Shocks and Technology Adoption: Evidence from Electronic Payment Systems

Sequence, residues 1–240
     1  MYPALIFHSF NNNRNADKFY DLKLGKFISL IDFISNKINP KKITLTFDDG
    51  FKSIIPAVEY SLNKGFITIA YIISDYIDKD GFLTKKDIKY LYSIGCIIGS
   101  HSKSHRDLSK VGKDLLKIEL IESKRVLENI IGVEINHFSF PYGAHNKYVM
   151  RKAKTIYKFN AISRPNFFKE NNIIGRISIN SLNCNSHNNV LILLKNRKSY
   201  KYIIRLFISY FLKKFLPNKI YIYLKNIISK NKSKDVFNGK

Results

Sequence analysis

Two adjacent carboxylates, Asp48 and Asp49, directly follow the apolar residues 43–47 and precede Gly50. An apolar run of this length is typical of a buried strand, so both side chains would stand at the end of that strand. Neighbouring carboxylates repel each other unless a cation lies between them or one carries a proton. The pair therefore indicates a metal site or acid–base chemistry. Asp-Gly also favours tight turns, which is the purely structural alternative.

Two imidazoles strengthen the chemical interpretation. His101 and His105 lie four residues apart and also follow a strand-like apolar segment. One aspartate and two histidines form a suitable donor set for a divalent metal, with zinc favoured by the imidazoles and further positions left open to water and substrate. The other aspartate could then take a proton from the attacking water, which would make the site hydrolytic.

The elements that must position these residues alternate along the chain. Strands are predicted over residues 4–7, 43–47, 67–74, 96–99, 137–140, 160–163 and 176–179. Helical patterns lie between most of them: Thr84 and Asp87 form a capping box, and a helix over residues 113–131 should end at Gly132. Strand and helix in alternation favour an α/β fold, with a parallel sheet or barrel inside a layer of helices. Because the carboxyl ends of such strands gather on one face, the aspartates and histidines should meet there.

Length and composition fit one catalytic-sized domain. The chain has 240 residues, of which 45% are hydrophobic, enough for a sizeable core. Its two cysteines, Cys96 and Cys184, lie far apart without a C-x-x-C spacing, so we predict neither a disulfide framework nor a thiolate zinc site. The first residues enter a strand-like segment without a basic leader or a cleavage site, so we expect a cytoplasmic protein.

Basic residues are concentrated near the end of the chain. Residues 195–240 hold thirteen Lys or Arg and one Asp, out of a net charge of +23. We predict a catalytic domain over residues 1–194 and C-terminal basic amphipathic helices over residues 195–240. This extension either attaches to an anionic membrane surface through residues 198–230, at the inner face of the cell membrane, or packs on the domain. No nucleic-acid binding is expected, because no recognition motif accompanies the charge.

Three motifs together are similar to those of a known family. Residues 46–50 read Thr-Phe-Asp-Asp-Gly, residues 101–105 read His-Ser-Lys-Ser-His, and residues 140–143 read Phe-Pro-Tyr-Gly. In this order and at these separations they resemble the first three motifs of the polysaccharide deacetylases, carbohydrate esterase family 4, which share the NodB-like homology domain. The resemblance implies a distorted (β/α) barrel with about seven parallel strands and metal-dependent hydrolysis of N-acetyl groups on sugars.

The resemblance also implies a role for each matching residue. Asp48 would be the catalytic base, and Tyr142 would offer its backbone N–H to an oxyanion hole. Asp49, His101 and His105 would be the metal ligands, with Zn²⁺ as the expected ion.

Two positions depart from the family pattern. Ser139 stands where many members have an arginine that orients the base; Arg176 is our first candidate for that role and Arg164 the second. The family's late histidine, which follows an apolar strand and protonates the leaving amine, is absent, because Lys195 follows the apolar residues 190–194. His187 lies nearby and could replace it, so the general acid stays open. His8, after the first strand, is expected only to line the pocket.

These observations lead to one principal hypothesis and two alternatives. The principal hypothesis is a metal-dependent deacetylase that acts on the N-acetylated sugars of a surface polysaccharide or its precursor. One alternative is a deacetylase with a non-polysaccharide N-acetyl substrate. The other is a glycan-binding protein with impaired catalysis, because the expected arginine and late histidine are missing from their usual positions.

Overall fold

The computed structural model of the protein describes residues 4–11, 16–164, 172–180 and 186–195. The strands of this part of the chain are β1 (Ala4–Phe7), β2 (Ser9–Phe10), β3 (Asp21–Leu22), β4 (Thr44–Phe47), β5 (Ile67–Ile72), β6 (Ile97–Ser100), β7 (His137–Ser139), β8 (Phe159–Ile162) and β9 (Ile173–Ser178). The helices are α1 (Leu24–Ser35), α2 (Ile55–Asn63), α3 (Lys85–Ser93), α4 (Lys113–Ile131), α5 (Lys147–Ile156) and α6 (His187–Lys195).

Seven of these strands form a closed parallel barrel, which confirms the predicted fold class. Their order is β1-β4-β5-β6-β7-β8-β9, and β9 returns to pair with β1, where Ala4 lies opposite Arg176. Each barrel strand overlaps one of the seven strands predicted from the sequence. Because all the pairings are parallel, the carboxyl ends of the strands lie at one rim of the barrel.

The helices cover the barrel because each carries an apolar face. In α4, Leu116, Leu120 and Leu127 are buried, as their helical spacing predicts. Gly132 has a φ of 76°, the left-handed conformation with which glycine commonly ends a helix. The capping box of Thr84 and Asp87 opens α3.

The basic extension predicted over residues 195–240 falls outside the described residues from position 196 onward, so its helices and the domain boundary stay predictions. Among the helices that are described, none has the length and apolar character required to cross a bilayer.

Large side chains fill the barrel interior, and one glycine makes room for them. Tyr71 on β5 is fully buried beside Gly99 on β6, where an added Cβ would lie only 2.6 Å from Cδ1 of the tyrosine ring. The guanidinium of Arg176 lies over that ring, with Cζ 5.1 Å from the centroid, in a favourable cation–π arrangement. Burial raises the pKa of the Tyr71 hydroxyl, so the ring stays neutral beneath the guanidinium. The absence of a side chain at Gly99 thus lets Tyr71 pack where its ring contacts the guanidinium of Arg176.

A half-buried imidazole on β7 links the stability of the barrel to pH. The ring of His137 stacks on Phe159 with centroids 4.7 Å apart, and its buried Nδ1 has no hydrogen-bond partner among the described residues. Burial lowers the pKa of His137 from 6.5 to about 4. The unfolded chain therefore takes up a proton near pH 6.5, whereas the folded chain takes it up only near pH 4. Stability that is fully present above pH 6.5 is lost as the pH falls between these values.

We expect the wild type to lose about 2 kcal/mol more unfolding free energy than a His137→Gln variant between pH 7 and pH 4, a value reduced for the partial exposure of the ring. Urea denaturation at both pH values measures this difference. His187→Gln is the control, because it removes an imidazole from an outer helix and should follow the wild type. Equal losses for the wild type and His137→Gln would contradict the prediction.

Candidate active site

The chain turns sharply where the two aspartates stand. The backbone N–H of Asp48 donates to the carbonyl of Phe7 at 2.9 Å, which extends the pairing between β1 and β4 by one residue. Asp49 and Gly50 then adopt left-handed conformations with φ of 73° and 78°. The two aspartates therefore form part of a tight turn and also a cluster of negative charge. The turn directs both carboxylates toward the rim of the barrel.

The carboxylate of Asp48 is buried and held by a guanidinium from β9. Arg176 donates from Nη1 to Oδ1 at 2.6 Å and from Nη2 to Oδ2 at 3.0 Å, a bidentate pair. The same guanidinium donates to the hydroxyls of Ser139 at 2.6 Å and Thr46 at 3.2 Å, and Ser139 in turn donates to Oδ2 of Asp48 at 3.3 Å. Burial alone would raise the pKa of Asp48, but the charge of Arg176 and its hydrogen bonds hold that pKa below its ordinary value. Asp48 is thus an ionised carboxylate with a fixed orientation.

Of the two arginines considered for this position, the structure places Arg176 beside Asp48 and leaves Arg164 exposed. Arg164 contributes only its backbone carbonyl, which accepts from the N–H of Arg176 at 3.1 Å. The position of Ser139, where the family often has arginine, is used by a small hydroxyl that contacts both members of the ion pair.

We provide new evidence on the diffusion of technologies subject to positive adoption externalities. Using data on Indian electronic payment systems, we show that the 2016 demonetization - which led to a temporary reduction in cash - caused a permanent increase in the adoption of electronic payment systems by retailers. We show that these dynamics are consistent with a technology choice model with positive externalities in adoption. A number of distinct predictions of the model -- in particular, history-dependence in adoption and the importance of spillovers between neighboring firms -- receive strong support in the data. Furthermore, evidence on the impact of the demonetization on household consumption suggests that this rise in adoption played an important role in limiting the costs of the shock. Our results support the view that, when coordination problems slow down the diffusion of technology, aggregate shocks can act as coordination devices and shape adoption dynamics.